Consciousness and Intentionalism

Reply Thu 15 Jul, 2010 05:33 am
I have been reading an essay in the Oxford Handbook of Contemporary Philosophy by Frank Jackson entitled "Consciousness". The essay begins by contextualising the problem in terms of materialism and physicalism, with the initial assumption that physicalism and materialism can explain consciousness in terms of neurophyisology. It then goes on to refute this with the use of the "knowledge argument against physicalism". Following the argument, it then proceeds to discuss intentionalism and how it "undermines the knowlewdge argument". The problem is, it loses me on the explanation of intentionalism:-

"Intentionalism is the thesis that the qualities of experience are properties of an intentional object in the sense that they are properties of the way things are represented to be; the yellowness or squareness of a sensory experience resides in its representing that something is yellow or square."

Can someone clarify what this means please?

Reply Thu 15 Jul, 2010 06:47 am
The first thing you really need to look at is, "What is intentionalism?" And, "What is physicalism?"

If I'm correct in my understanding of intentionalism, the idea is that raw experiences (qualia) are inseparable from the concepts that we subconsciously associate with those perceptions.

So imagine qualia (raw experiences without conceptual meaning). A state of mind that lacks all thought and logical categorization. Everything is simply in a state of being.

Now imagine our subconscious drive for identifying experiences. Every time we think of a cat, we aren't actually experiencing the cat, we are recalling the conceptual network of ideas we associate with that experience. And optical illusions are a perfect example of how the part of our brain responsible can become tricked and confused.

If you can recognize that these two things can be separate and can exist separately you are not an intentionalist. If you believe that these two parts of perception cannot be separated and the presence of one always obligates the other, you are an intentionalist.

That said, let's move onto the second point.

Physicalism (materialism) is the concept that our experiences originate from definite external elements of reality which can be tested, analyzed and catagorized. For example, a dream is thought to have physical value in terms of the interaction of brain tissue. In a very crude way of saying it, to accept physicalism would be like accepting the proposal every experience can fit into a single coherent conceptual design. And everything can be understood relative to an umbrellaing paradigm (such as physics or chemistry, or any other paradigm based on catagorization).

Point three.

Categorization is utterly dependant on the existence of conceptual objects that can neatly be compared and contrasted.

If raw experiences and the conceptual forms are absolutely inseparable (if intentionalism is true), then that means that every experience can be categorized in terms of their conceptual properties.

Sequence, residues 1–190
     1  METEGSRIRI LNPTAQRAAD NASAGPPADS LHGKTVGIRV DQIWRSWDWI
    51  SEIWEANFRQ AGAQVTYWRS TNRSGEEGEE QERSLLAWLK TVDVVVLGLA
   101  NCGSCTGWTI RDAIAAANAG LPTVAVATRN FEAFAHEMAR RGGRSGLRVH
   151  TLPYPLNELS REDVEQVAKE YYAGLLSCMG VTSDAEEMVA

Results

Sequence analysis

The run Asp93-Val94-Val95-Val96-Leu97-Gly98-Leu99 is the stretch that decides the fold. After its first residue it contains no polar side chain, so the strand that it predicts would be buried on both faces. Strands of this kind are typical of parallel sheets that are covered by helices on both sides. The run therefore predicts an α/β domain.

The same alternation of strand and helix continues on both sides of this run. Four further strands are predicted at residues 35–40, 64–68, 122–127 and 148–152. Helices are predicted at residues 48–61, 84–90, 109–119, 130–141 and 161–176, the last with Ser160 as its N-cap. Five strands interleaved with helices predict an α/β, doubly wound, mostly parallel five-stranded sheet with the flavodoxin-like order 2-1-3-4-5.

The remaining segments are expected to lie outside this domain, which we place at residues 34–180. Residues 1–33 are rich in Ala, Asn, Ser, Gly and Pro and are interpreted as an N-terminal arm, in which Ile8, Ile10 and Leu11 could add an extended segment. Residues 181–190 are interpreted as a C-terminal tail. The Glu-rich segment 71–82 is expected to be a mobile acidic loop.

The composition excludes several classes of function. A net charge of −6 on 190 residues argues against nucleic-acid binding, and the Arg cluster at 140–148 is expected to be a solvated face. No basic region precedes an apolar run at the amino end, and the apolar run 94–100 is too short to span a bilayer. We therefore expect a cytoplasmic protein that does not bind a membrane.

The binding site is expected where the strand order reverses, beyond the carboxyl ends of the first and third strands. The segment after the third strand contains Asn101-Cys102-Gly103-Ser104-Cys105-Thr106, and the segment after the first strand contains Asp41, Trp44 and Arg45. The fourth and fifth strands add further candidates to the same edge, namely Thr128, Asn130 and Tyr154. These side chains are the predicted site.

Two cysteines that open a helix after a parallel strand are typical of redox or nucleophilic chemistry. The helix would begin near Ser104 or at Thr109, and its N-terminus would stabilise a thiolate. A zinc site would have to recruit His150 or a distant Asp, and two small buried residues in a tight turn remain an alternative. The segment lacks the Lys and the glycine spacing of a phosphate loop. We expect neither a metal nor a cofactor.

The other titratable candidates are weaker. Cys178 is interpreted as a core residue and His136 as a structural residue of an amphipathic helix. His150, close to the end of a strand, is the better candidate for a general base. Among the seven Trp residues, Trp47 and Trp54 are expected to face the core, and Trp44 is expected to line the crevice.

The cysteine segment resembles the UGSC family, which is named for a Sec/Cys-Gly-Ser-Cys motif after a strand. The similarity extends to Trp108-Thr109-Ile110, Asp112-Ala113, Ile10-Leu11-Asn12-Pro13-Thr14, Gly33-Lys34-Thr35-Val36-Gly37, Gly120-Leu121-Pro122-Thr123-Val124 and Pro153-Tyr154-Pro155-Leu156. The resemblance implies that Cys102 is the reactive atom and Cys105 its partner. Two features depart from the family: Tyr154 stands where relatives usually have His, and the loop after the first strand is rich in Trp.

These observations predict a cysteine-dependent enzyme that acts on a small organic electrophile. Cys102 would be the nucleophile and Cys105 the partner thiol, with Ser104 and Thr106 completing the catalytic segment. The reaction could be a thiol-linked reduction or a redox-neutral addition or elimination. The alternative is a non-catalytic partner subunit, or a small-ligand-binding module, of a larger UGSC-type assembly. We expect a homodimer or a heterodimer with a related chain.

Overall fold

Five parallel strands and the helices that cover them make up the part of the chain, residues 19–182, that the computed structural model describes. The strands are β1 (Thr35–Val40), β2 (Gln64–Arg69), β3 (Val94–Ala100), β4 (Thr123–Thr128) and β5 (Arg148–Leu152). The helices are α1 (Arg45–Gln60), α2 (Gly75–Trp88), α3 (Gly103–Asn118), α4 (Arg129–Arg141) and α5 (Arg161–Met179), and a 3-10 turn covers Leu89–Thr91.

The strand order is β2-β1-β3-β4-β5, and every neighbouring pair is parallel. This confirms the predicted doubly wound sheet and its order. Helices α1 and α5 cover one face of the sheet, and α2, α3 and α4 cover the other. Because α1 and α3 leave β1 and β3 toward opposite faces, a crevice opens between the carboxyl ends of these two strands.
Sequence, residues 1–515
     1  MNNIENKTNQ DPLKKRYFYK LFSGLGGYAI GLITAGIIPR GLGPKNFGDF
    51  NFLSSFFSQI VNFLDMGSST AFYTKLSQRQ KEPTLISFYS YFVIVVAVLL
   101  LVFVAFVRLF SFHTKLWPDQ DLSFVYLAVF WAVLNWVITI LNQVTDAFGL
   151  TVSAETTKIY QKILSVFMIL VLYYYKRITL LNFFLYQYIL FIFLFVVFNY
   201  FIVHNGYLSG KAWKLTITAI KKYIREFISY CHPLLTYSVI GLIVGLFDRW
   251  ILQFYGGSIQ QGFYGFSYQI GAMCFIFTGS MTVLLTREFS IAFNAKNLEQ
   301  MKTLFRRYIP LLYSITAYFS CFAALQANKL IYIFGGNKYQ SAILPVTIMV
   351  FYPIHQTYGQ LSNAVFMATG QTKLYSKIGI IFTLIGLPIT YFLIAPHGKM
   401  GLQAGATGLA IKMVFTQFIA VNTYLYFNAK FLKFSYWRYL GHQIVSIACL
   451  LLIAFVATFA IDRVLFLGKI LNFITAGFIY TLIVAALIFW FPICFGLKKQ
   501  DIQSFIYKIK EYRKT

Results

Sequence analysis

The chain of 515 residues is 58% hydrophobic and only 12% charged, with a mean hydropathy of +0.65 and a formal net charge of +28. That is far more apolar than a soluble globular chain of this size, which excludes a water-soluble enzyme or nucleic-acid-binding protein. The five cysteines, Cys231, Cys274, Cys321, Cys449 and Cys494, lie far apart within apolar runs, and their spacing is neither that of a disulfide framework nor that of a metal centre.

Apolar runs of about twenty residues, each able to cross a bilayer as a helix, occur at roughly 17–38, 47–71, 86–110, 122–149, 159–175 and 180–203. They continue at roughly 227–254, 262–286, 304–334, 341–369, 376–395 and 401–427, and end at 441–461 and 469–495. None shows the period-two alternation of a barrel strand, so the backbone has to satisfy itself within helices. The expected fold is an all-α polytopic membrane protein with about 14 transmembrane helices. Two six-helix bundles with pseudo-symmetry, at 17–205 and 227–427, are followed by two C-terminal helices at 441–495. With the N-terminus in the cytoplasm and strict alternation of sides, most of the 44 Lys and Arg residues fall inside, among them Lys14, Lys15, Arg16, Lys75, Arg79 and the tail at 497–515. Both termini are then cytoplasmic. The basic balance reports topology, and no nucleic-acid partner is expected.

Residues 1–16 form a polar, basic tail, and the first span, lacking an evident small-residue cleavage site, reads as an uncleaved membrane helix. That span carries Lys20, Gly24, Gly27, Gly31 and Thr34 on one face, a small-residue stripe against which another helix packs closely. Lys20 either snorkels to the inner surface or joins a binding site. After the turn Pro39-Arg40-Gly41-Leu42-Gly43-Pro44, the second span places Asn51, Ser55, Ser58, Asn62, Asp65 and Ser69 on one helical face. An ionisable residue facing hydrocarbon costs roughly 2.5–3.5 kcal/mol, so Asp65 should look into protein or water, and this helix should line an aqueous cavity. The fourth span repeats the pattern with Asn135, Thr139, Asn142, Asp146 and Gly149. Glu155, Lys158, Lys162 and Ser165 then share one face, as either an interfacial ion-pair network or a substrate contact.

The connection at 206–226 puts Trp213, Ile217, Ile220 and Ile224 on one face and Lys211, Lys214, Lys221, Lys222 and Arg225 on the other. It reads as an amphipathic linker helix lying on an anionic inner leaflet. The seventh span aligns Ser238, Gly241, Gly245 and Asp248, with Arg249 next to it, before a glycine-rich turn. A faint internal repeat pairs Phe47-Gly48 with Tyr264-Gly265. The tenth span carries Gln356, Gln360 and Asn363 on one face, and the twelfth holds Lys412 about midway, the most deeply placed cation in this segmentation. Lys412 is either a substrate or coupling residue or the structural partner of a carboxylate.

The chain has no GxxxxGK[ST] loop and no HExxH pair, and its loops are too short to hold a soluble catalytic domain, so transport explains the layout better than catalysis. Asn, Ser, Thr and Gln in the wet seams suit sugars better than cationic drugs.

Let me explain and reword that a little bit. If the light and colours you are sensing and experiencing right now have a definite relationship to different patterns of light and colour in the future (different frame of reference), then all patterns of light must have meaning, and must be able to be categorized because they are equivalent to certain thought forms. If all experiences relate to thought forms, than all experiences can be categorized and analyzed through contrast and comparison - meaning everything must pertain to physicalism.

Because there is no way to prove the proposition of intentionalism one way or another through means of conceptual analysis, I do not perceive it to be true. I believe that you can have elements of reality that are formless experiences, free of any subconscious or physical meaning. However, I do respect all angles on this subject, and my personal views are a reflection of how much I feel our linguistic capabilities fail us in approximating reality. That's just my two cents, anyway.

Hope that helped. Smile
Reply Thu 15 Jul, 2010 08:19 am

So it's the inner-world vs the outer-world? Which one is the basis of meaning and knowledge?
Reply Thu 15 Jul, 2010 11:14 am
evilwill32 wrote:

"Intentionalism is the thesis that the qualities of experience are properties of an intentional object in the sense that they are properties of the way things are represented to be.....

Hello evilwill32, quite an interesting name you have there, ha! What if there were no such thing as “property” and you substituted the word “gifts” there instead? Just a thought.

Will (the good one)
0 Replies
Reply Tue 20 Jul, 2010 11:55 pm
Arjuna wrote:
So it's the inner-world vs the outer-world? Which one is the basis of meaning and knowledge?

That's a good way to put it. The outsider-world doesn't necessarily correspond to the inner world of our mind. To paraphrase Einstein: as far as conceptual forms refer to reality, they are uncertain; as far as they are certain, they do not refer to reality.
0 Replies

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